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I am attempting to use objcopy to convert an xml file to an object file that is then linked into and used by another shared library on RHEL5. I convert the file with this command:

objcopy --input-format binary --output-target i386-pc-linux-gnu --binary-architecture i386 baselines.xml baselines.0

The object file is created and using readelf I get the following:

Symbol table '.symtab' contains 5 entries: Num: Value Size Type Bind Vis Ndx Name 0: 00000000 0 NOTYPE LOCAL DEFAULT UND 1: 00000000 0 SECTION LOCAL DEFAULT 1 2: 00000000 0 NOTYPE GLOBAL DEFAULT 1 _binary_baselines_xml_sta 3: 0000132b 0 NOTYPE GLOBAL DEFAULT 1 _binary_baselines_xml_end 4: 0000132b 0 NOTYPE GLOBAL DEFAULT ABS _binary_baselines_xml_siz

So it looks like the size is in there. I dumped the file and verified the xml is embedded as ascii at offset 34 (specified by the .data value) and that it's correct. The data is 0x132b bytes in size, as specified by the variable.

Then in the code, I declare a couple variables:

extern "C"
    extern char _binary_baselines_xml_start;
    extern char _binary_baselines_xml_size;
static const char* xml_start = &_binary_baselines_xml_start;
const uint32_t xml_size = reinterpret_cast<uint32_t>(&_binary_baselines_xml_size);

When I step into this, the xml pointer is correct and I can see the xml text in the debugger. However, the size symbol shows the value as 0x132b (which is what I want) but it also indicates that "Address 0x132b is out of bounds". When I use the variable it is a very large incorrect random number. I've tried all sorts of other syntax to declare the extern variable such as char*, char[], int, int*, etc. The result is always the same. The value is there but I can't seem to get to it.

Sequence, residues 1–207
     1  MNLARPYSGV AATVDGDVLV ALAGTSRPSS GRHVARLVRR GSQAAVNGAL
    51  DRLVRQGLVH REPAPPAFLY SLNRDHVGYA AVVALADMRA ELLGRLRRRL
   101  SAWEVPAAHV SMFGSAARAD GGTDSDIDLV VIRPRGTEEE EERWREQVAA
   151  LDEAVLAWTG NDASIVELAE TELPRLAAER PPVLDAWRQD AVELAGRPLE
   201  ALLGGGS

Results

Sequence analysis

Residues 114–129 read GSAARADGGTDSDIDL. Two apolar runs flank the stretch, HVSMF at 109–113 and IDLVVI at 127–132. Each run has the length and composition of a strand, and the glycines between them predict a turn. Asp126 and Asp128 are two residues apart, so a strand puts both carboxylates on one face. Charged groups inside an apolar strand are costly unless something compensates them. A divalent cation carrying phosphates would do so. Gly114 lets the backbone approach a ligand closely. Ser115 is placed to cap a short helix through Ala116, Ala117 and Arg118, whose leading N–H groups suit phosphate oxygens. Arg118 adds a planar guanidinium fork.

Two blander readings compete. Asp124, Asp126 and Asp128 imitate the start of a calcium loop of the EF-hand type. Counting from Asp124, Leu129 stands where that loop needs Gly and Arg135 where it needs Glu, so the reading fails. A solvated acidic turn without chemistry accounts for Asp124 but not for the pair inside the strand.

Another point of interest is that this code works fine on a windows machine without the prepended underscore on the extern variables but all else the same.

I can't seem to find much online about using objcopy in this manner so any help is greatly appreciated.

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1 Answer 1

I am not sure what you actual issue is. The *_size symbol is an absolute symbol to indicate the size. You are not supposed to be able to actually reference the location (unless by accident) it is just a way of sneaking an integer value into the linker without actually defining a data variable. What you are doing is correct in how you are using it.

The best way to think about this would be if you had the following code:

char* psize = reinterpret_cast<char*>(0x1234);
int size = reinterpret_cast<int>(psize);

The only difference is the linker fills in the 0x1234 value for you via a symbol.

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I need the size because the binary xml data is not null terminated and I want to copy it to a buffer I can use. The symbol is not accessible so it is not filled in at run time. I got it to work in a simple test program with a .so that defines and returns the data and a main that uses the .so to get the data. However either main.cpp has to include the .so cpp file with the extern declaration or put the extern in the .so header and create a function that references the variable. –  adevi003 Dec 31 '09 at 20:47

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